Ann McGee-Cooper (Ann@amca.com) was an early member of Southwest Airlines's culture committee. Her firm has worked with TD Industries for more than two decades. Her most recent book is "Time Management for Unmanageable People" (Bantam, 1994).
Vice President, e-Business Services
IBM Global Services
Somers, New York
In the new world of e-business, people have to collaborate and share ideas. But building a team can be difficult when team members spend all of their time on the road. I manage IBM's e-business consulting division, which comprises people who do everything — from Web design to strategy to systems integration. We've begun to focus on collaboration by creating innovation centers, in an effort to bring work and customers in, rather than sending our associates out. Our prototype facility in Atlanta, which has been open for seven years, houses a pool table, a Ping-Pong table, an iguana, and a three-legged dog. All of the centers have couches, open space, meeting areas and workrooms, and a design studio. By the end of the year, we'll have about a dozen centers open in Asia, Australia, Europe, and the United States.
We've learned from the Atlanta location that these facilities are very successful among customers, because they provide a comfortable, well-equipped environment in which they can meet our team. And because people are sick of traveling, these centers are attracting top-notch folks to IBM.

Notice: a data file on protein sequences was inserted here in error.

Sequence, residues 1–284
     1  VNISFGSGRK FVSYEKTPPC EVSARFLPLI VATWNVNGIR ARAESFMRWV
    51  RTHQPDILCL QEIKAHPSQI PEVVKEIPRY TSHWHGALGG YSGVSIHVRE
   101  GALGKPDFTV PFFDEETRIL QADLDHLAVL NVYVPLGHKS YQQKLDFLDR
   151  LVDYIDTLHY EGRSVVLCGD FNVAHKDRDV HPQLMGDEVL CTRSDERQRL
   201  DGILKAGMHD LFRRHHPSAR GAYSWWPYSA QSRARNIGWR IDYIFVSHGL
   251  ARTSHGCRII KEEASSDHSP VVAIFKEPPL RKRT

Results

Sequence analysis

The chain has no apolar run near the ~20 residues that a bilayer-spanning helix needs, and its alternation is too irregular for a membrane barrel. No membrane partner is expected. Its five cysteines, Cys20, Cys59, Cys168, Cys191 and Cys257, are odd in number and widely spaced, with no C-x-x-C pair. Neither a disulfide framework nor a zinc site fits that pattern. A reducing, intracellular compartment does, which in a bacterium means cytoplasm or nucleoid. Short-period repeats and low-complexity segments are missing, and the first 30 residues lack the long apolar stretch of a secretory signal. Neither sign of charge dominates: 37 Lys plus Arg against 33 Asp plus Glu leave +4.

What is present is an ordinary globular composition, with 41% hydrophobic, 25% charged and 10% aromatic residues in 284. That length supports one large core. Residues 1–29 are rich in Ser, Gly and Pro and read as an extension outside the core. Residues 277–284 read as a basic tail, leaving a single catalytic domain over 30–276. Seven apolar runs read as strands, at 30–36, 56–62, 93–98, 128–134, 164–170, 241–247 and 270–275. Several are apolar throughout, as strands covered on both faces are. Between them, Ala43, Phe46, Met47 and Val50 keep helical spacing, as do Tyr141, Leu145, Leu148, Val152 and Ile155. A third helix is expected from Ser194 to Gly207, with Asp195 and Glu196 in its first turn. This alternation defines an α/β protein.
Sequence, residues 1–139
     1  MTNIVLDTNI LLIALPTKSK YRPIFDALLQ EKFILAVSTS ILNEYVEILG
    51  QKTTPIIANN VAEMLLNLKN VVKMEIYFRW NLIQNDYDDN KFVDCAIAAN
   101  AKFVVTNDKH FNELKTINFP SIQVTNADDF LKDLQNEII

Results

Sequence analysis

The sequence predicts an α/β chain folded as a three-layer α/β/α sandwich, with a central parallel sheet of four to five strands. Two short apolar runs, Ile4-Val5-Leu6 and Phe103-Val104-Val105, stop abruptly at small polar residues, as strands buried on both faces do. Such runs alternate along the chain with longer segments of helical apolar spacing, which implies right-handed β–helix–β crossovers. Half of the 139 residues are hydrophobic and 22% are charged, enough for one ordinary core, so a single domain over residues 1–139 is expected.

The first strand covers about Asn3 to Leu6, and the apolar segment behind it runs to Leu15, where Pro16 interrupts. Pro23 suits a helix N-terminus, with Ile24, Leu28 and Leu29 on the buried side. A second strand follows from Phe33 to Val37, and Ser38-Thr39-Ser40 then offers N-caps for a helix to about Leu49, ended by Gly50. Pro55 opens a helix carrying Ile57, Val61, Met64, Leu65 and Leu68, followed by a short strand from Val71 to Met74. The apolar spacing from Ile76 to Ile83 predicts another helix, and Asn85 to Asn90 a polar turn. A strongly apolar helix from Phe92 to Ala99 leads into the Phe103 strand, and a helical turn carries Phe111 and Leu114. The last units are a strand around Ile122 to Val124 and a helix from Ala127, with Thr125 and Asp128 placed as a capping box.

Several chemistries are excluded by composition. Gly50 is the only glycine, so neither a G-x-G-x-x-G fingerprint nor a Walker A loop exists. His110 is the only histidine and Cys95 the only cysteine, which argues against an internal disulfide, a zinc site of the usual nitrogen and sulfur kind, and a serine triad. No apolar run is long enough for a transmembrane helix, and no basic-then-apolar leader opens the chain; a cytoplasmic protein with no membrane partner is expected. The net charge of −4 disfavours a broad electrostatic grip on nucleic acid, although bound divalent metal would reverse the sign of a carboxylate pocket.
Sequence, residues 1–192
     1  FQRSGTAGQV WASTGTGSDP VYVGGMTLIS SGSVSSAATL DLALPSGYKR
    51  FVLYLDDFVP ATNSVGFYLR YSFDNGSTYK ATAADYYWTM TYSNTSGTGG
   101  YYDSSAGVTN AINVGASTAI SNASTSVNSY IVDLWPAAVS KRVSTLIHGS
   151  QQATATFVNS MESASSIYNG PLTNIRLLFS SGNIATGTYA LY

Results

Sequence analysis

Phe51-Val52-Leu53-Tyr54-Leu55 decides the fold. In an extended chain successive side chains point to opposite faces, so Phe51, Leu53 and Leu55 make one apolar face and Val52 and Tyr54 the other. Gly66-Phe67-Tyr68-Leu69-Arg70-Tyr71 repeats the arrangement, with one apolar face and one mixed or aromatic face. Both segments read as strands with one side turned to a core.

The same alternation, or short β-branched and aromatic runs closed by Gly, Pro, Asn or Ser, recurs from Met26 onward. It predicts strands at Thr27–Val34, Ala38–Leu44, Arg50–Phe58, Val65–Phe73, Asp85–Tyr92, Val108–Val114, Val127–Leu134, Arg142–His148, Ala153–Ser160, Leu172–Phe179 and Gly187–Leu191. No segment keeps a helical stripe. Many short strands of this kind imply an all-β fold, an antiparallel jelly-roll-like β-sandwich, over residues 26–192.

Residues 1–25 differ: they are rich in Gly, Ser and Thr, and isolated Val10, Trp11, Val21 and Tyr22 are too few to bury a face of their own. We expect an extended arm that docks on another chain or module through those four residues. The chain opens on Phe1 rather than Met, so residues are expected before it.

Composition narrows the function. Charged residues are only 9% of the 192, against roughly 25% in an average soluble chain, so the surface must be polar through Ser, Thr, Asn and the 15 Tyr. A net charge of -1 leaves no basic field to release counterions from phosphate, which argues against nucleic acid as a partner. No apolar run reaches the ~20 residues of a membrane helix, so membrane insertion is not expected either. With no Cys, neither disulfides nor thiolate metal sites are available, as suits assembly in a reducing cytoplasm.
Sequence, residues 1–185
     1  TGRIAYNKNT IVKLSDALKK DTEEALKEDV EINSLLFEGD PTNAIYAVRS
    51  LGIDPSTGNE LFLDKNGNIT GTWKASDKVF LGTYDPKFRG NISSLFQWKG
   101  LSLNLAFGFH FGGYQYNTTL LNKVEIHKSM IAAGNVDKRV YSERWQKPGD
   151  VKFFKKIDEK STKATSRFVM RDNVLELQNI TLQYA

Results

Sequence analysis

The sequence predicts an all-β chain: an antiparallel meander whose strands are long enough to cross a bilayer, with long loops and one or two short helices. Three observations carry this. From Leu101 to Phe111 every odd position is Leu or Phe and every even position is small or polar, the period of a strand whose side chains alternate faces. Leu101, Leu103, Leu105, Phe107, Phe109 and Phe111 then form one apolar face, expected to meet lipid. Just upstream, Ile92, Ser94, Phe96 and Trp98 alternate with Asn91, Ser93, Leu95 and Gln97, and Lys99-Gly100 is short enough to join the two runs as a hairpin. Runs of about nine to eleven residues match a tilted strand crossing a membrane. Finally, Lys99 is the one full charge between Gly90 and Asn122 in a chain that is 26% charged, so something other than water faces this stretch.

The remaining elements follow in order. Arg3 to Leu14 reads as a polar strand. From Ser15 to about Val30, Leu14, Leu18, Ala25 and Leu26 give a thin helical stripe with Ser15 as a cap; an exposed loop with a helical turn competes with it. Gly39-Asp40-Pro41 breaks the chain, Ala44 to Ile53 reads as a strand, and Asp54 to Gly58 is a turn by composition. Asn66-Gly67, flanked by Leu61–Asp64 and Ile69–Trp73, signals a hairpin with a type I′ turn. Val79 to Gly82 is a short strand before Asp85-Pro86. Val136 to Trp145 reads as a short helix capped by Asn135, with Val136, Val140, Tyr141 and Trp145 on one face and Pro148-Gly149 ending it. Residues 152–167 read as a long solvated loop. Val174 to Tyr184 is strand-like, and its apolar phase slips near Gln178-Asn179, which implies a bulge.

Employees also have more opportunities to share ideas. We developed a technology for a Java real-time scoreboard that was used at the U.S. Open tennis tournament. We used that same technology to create a real-time stock tracker for NYSE.com. The idea for using that technology for NYSE.com came about during a casual chat among programmers and strategists about some of the projects that they were working on. There's power in bringing people together instead of dispersing them.
Neil Isford (email@example.com) is responsible for 2,000 strategists, interactive designers, developers, and systems integrators at IBM. The company's first innovation center, in Atlanta, houses 400 associates.
Division Manager of Collaborative Work and Learning
GMD — German National Research Center for Information Technology
If people travel so that they can communicate and collaborate, the only way to reduce travel is to find ways to connect by using technology. And when you work with technology, you're really working with people, their social attitudes, their superstitions, and their rules. I learned that lesson while I was working on a pilot project on using technology to link government offices in Berlin and Bonn.